Professor publishes wildlife photography book

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YUM, PINE—A raccoon pulls on a bait for a camera trap set up by George Shiras to catch shots of wildlife in the U.P. at night, also on the cover of James McCommons new book. Photo courtesy of James McCommons

Jackie Jahfetson

Trail cameras detect some of the most fascinating, unedited elements of the natural world. Across the U.P., trail cameras capture a vast amount of wildlife attraction from mountain lions, bear cubs to wolf packs. And as many hunters get ready to hit the woods this season in search of the biggest buck, some rely on trail cameras to configure where the best hunting locations might be. And it all began with a man named George Shiras III. 

NMU English professor and author James McCommons released a new biography last week titled “Camera Hunter: George Shiras and the Birth of Wildlife Photography” and will give a talk at 7 p.m. on Thursday, Oct. 10 at the Ore Dock Brewing Co. as part of Science on Tap “George Shiras III vs. the Nature Fakers.” 

This book is right up the alley for both hunters and conservationists, McCommons said. 

“There’s a lot of U.P. stuff in this book. Although it ranges out to other places like Florida and Yellowstone, I think in a national significance it’s good for folks to know who Shiras was, how he fit into this period and I also think wildlife photography is a pursuit done all over the world,” McCommons said. “This was the man who was basically one of the fathers of wildlife photography.”  

The event will focus on the time period from 1903 to 1907, where Shiras and other naturalists including President Theodore Roosevelt took part in a war of words with animal fiction writers, and battled fiction depicting or what some called “yellow journalism of the woods” in newspaper and magazine articles, McCommons said. 

When McCommons first came to NMU 20 years ago, he said he noticed the vast amount of places in Marquette named after Shiras and after discovering Shiras’ book “Hunting Wildlife with Camera and Flashlight” at a used book store, he was intrigued to go on a literary hunt. Setting out to write this book, McCommons did eight years of tedious research, visiting archives of the University of Pittsburgh, Yale University, Library of Congress and the Smithsonian. Being that Shiras was a Congressman, most of his papers were in Washington D.C. so the research process required tracking down written letters and gathering all the little pieces to add to the puzzle. 

Writing a biography differs from writing an autobiography, in the sense that McCommons had to rely on documents compared to real-life interviews. Through this rigorous hunt to sort out all of the documents, McCommons said he learned to be both a writer and editor and spent many years reviewing and rewriting. 

“To me, I’ve been an academic for 20 years so this is truly a book done by an academic for an academic press. I think it’s a pretty good read too. It’s a good story, George lived an adventurous life and that part was fun to write,” he said.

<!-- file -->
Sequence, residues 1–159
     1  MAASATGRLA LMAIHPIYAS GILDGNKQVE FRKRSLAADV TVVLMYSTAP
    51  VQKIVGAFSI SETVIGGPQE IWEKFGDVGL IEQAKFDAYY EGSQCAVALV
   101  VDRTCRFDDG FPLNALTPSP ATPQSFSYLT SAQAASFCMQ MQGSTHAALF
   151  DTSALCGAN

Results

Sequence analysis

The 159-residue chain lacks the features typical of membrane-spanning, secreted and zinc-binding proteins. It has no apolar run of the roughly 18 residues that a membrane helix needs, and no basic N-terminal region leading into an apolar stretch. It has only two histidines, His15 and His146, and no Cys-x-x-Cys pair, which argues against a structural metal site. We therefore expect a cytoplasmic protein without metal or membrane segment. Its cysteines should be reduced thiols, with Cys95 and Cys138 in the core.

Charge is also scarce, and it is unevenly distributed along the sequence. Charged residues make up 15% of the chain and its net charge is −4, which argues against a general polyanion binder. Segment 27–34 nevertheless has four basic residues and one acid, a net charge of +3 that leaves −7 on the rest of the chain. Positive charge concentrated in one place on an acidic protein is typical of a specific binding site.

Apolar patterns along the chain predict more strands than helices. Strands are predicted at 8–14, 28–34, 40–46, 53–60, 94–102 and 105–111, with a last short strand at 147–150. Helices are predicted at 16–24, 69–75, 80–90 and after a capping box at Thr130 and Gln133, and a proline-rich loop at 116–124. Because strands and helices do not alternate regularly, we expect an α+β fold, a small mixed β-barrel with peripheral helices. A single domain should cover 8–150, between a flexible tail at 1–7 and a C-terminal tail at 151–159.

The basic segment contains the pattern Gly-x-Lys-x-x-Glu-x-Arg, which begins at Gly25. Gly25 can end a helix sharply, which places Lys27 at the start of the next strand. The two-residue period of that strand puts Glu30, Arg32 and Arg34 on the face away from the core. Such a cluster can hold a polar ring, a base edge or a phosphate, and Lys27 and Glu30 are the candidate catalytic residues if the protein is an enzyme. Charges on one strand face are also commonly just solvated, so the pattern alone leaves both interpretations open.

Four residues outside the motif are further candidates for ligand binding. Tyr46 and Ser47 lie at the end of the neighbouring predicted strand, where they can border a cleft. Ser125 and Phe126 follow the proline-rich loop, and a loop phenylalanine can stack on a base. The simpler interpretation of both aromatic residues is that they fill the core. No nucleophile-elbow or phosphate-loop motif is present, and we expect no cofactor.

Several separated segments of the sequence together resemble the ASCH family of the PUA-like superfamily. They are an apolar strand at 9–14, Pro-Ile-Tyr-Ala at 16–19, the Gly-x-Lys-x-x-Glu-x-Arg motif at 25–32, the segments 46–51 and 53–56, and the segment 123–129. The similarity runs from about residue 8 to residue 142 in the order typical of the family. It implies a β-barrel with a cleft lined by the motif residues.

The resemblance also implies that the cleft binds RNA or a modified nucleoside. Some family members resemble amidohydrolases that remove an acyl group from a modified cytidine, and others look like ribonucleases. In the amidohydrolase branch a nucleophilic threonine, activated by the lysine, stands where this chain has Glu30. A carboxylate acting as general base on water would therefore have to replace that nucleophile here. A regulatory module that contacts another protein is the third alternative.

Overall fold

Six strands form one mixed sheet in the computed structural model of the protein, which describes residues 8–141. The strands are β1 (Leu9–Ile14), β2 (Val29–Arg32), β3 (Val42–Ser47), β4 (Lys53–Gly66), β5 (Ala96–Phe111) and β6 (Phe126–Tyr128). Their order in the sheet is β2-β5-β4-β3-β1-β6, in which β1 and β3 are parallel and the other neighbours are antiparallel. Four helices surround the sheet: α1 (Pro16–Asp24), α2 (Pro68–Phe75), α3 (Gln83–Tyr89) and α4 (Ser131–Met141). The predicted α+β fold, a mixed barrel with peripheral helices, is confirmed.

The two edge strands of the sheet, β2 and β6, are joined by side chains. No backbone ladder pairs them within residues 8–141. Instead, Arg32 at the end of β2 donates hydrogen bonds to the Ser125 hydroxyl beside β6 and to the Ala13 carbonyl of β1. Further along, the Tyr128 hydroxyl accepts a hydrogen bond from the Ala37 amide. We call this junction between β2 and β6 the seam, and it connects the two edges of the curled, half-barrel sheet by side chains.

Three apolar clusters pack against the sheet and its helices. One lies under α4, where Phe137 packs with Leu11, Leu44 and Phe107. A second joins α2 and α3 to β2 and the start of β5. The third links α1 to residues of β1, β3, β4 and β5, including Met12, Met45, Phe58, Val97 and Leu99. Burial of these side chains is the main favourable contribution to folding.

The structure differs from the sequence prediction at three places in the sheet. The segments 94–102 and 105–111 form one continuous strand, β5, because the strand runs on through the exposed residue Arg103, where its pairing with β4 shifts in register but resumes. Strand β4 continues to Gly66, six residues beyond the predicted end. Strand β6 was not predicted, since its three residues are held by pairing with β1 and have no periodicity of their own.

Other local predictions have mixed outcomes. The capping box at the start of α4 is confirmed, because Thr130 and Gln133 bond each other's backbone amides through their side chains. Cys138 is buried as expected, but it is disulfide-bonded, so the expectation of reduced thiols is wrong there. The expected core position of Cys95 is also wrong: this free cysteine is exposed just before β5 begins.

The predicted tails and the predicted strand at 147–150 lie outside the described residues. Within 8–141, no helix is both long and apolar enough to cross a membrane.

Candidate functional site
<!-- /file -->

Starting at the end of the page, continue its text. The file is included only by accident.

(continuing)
Shiras pioneered the trail camera at his deer camp on Whitefish Lake, about 20 miles east of Marquette, in the 1890s using wire and baited string to trip a camera shutter and a chemical flash, McCommons continued. Many people were exploring photography during that time period but Shiras was the first nighttime wildlife photographer, McCommons said, explaining, Shiras would go out late at night and keep his ears open on any animal movement on shore. 

Once an animal was detected, Shiras would “creep” up with his canoe and stand up, holding a chemical flash and “blast” it off. The noise erupted the whole forest like a “percussion grenade,” lighting up the woods for a brief moment. 

Photographing in that era was a hit and miss process, and it all depended on the timing of the shutter of the camera and the time the flash went off, McCommons said.

It took Shiras three years to photograph his first nighttime image of a deer, and his photographs were the first wildlife stills published in the National Geographic magazine in 1906. 

“[Shiras] had a good eye for composition. The images are actually quite beautiful. They’re not just pictures of animals, they’re art and so I think the book is going to get some attention nationally,” he said. 

Though originally from Pittsburgh, Shiras’ family were avid fishermen and enjoyed coming up to the U.P. where they became good friends with one of Marquette’s founders Peter White, and Shiras ended up marrying White’s daughter. Throughout the Progressive Era, Shiras worked tirelessly alongside other conservationists to help preserve habitats and save endangered species, but at the time of his death, many people had forgotten about Shiras, McCommons said, adding that he wanted to write a book that “cemented” Shiras’ work. 

“It’s nice to feel that this is a historical book about a figure in Marquette and in the U.P. that people need to know about. I think that this is a book that’s going to go on a shelf and 100 years from now when somebody wants to know who this guy, they can take that book down and it’s all there,” McCommons said. 

Following the Ore Dock event, McCommons will speak at 7 p.m. on Tuesday, Oct. 15 in the Community Room at Peter White Public Library. McCommons’ book is now on sale at Snowbound Books and copies can be purchased at the U.P. Regional History Center, Canterbury Book Store In Escanaba, Amazon or through the University of New Mexico Press.